You've invited a prospective postdoc to interview with you, and you want to take her to lunch.
You can, as some investigators do, pull out your own credit card and consider it a good investment in your future. Or you can ask your department head to pay for the lunch from departmental funds. But how much better it would be to have a lab fund that you can dip into for this and other reasonable expenditures not covered by your grants!
Discretionary money is important for more than entertainment. You might use it to travel to a meeting, to bring an interviewee to your lab, to fund a summer student to work on an unfunded project, to buy an answering machine for your office or lab, or to do any one of many things not authorized by your grants. You may need it to patch over a few fundless months before a new grant kicks in; sometimes, if you have enough discretionary money, you might even use it to pay for new experiments that you need to write another grant proposal.
But where does discretionary money come from? Why do some people have a slush fund while others don't? How can you get one?
The most important source of unrestricted money for young investigators is start-up funds from the institution. "You have your best leverage when you are negotiating for the job," emphasizes David Carver, associate dean at the University of Medicine and Dentistry of New Jersey, Robert Wood Johnson Medical School. "It is much more difficult after that to obtain discretionary funds." Unfortunately, some institutions require that you spend your start-up money by a certain date. So negotiate a start-up package that will fill in the gaps in your own funding for several years, and be sure you can keep any unspent money at the end of each fiscal year and beyond the "start-up" period.
Keep in mind how precious these unrestricted funds are, and be very careful how you use them--they go fast! Resist the temptation to, say, line your lab with a row of computers; computers have a limited half-life, and it might be years before you have such a nice packet of discretionary money again. Be very fiscally responsible. Save for a rainy day.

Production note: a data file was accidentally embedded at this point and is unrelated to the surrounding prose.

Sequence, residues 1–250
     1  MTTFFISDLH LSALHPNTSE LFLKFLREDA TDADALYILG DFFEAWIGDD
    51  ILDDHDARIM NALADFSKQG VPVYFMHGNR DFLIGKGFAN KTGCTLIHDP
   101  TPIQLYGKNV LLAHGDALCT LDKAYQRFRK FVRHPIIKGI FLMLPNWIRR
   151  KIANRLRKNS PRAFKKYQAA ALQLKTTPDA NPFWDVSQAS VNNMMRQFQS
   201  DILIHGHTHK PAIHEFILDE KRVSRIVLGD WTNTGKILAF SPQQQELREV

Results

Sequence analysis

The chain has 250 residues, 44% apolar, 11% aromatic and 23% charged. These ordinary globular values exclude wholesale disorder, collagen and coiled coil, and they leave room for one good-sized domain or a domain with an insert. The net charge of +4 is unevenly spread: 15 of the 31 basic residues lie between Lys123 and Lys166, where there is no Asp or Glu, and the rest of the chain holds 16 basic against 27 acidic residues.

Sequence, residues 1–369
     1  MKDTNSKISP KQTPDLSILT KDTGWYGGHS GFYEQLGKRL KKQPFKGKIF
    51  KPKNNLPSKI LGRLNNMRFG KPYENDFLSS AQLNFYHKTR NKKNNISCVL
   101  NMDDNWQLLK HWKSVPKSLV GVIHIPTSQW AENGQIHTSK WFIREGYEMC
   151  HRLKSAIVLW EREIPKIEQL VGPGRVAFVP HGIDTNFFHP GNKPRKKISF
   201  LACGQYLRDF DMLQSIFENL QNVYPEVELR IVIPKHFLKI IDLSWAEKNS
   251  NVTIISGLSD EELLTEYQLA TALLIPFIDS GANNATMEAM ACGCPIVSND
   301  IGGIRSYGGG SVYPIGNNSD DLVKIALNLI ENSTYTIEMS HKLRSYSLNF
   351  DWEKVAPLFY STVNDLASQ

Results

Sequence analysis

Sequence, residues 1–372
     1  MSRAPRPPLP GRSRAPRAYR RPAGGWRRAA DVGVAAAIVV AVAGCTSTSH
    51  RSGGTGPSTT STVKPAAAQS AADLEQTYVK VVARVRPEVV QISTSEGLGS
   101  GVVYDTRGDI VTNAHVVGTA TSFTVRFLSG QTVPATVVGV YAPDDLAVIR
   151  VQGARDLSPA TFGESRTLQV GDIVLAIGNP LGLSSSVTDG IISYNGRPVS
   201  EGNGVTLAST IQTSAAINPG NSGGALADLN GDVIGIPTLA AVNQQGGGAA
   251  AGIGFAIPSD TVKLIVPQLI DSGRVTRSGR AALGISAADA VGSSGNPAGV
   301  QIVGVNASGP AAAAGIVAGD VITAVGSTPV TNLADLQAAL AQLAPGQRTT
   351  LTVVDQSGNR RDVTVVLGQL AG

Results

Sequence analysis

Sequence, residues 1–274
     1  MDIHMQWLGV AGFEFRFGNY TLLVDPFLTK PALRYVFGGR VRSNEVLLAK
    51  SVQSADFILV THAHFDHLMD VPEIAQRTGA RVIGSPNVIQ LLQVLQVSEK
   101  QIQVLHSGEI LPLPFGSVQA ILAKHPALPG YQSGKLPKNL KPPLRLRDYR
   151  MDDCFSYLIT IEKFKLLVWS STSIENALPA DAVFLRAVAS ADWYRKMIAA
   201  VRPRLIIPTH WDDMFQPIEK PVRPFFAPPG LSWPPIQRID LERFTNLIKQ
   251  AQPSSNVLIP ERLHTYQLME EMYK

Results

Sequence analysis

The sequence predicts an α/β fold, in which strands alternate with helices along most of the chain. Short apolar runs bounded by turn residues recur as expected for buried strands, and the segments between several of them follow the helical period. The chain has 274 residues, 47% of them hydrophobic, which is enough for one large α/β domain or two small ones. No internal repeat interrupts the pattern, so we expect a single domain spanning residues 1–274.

Later, you can apply for grants that allow discretionary funding, but these are few and far between. Most grants are very specific in what they allow, and it is illegal to use the money in any but the designated way. Promising results may suggest a change in research direction, and a well-considered, strategic change can be justified in a grant renewal. But you are still expected to use the money in pursuit of the objectives outlined in the proposal. There is a tacit understanding that some changes in money use will occur on a project, but you must be very careful in this gray zone. Research grants that can be legally used to patch holes in other projects are rare indeed.
Departments and institutions have the same problem as individual investigators: They want money to be available where it is needed, and they struggle to ethically and legally move targeted funds into discretionary accounts to meet the realities of research. But the departmental and institutional level is where, within limits, money can be moved around, legally and legitimately. As your career grows and your start-up funds are exhausted, the continued existence of your discretionary fund will depend on your department's ability and commitment to rebudget--to transform restricted funds in your grants into unrestricted funds.
"We have a terrific grants administration officer," says David Foster of Hunter College, part of the City College of New York. "He is smart and resourceful, and he makes all the difference for our department." The amount of start-up money, grant management for investigators, the availability of funds for students or equipment or travel from the department--all flow from the priorities your department sets, and the talent of the grants administrator to redistribute funds to fulfill those priorities.
In redistributing funds, every administrator walks the line between practicality and legality. Legality is not a token concern for grant administrators; they are personally at risk if the government or other agency audits the books and finds irregularities. When the administrator says that you can't call a visit by a "trainee" applicant (not allowed) a visit by a consultant (allowed), he is protecting himself--and you. Be kind to your grant administrator, and respect their struggle to render funds to you from within a bureaucratic minefield. And help her or him by bringing in new money: Even the most creative of grant administrators can't make money out of nothing.
Here is an example: Some departments get discretionary funds to investigators by allowing investigators to recover a percentage (generally, 5% to 10%) of the indirect costs of their grants. If you get a grant worth $100,000, and indirect costs are 75% at your institution, you could have $3750 to $7500 put at your disposal. Sounds easy!